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usermod -g change PRIMARY group so the group ID (GID) is specified in /etc/passwd for the user rather than in /etc/group. If you don't want to change PRIMARY but rather add to ADDITIONAL groups you'd use usermod -G instead. It will then leave the GID in /etc/passwd unmodified and show the user in /etc/group associated with the group you selected.
But groups after -G have just replaced previous groups but only primary group has remained (and NEW additional secondary groups). How to ADD new groups to the list.
The following is the quote from the Beginning Ubuntu LTS Server Administration From Novice to Professional, Second Edition by Sander van Vugt:
When working with group ownership, you should be aware of how group ownership is handled.
By default, the primary group of the user who creates a new file becomes the group
owner of that file. If, however, the user is a member of more than one group, this default setting
can be manipulated. When a user issues the newgrp command, he can change the primary
group setting on a temporary basis. The following steps show what happens next:
1. Log in as some normal user on your computer. Then use the groups command from a
console window to get an overview of all groups that you are currently a member of.
The primary group is listed first. If you haven’t modified anything for this user, it will
have the same name as your user account. Listing 5-4 is an example of this output.
sander adm dialout cdrom floppy audio dip video plugdev scanner lpadmin admin
2. From the console window, issue the touch newfile command to create a new file
with the name newfile. Then use ls -l newfile to display the ownership information
for newfile. You will see that the primary group is set as the owner of the file (see
3. Use su to become root. Then use groupadd to create a new group (for example, use
groupadd -g 901 sales to create a group with the name sales and group ID 901). Next,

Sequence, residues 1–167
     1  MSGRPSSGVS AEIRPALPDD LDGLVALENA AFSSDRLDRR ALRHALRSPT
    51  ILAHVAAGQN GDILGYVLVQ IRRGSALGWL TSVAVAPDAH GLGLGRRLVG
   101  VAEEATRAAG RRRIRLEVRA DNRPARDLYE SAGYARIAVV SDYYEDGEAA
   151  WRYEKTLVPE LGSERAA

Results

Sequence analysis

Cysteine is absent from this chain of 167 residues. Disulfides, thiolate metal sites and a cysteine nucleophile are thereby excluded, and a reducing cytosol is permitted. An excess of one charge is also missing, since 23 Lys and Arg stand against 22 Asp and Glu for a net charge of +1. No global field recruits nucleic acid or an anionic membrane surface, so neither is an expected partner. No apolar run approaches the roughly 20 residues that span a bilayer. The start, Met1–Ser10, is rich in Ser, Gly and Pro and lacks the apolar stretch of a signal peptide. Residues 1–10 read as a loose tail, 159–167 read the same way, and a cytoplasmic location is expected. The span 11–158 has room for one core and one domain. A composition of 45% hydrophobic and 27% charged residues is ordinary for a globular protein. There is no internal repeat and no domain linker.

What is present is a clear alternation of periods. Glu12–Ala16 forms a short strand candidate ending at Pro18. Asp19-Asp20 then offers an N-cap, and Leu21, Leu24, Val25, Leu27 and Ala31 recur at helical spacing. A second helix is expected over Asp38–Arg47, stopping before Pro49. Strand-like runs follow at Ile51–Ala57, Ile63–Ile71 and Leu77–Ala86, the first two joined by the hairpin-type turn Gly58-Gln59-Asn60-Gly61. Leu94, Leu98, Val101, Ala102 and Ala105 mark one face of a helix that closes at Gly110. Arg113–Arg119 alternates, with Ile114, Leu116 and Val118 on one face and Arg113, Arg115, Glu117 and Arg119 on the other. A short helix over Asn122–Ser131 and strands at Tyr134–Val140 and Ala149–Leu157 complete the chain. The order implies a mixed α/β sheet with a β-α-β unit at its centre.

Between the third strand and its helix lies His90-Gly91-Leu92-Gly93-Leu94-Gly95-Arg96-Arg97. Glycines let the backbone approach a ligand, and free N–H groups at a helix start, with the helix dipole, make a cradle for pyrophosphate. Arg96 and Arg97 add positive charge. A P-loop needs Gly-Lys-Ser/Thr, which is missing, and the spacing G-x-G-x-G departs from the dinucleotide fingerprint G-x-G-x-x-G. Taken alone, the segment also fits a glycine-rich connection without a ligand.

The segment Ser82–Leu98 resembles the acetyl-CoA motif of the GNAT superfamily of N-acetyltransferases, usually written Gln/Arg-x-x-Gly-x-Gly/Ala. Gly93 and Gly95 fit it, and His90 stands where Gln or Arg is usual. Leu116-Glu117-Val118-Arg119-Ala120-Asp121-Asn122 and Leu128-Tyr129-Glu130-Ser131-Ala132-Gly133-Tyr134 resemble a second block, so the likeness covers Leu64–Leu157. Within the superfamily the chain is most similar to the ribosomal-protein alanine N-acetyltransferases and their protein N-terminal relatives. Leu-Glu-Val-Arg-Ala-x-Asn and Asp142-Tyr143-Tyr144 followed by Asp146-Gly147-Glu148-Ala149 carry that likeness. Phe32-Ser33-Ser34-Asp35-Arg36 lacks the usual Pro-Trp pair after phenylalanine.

as root, use usermod -g 901 youruser to make youruser (the user you used in step 1) a
member of that group. After changing this group information, use exit to close the su
session and become the normal user account again.
4. As the normal user, use groups again to get an overview of all groups you are currently
a member of. The new group should appear now, probably as the last group in the list.
5. As the normal user, use newgrp yournewgroup to set the primary group to your new
group on a temporary basis. You can use the groups command to check this; the new
group should now be listed first. You’ll also see that if you create a new file (use touch
somenewfile), the new group will be group owner of the new file. This ensures that all
users who are members of the same group can do the same thing to this file."
If you're asking how you can put new groups in /etc/group you do that with the groupadd command.
groupadd -g <GID> <groupname>
groupadd -g 700 oracle
Would add group named "oracle" with GID of 700.
You could then use the useradd -G oracle <username> to add the user you want to the group.
From the usermod man page on CentOS 5:
-G, --groups GROUP1[,GROUP2,...[,GROUPN]]]
A list of supplementary groups which the user is also a member of.
Each group is separated from the next by a comma, with no intervening whitespace. The groups are subject to the same restrictions as the group given with the -g option. If the user is currently a member of a group which is not listed, the user will be removed from the group. This behaviour can be changed via -a option, which appends user to the current supplementary group list.
Notice the sentence I bolded.
You can usually get lots more information about any UNIX/Linux command by typing "man <command>" where command is the one you're interested in e.g. man groupadd
Last edited by MensaWater; 11-30-2009 at 08:16 AM.
Thank you jlightner. But I just did steps from the book (see please my previous edited post, if it doesn't bother you). So what is your opinion about that quotation? I agree with you regarding man pages.